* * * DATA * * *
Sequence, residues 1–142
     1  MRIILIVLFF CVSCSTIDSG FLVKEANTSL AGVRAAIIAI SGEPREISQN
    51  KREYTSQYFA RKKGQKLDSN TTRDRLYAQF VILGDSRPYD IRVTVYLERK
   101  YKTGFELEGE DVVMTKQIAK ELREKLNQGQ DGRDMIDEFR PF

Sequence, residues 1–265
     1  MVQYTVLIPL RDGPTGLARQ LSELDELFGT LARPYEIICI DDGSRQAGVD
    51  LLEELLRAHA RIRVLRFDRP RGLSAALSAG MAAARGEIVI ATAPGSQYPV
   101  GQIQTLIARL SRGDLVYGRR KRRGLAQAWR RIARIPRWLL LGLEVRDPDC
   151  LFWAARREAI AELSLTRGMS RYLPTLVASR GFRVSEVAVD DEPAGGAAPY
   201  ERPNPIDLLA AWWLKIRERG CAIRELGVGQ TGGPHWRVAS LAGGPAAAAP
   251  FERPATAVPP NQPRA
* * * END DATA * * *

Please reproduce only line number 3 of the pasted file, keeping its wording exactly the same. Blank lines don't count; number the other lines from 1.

    51  KREYTSQYFA RKKGQKLDSN TTRDRLYAQF VILGDSRPYD IRVTVYLERK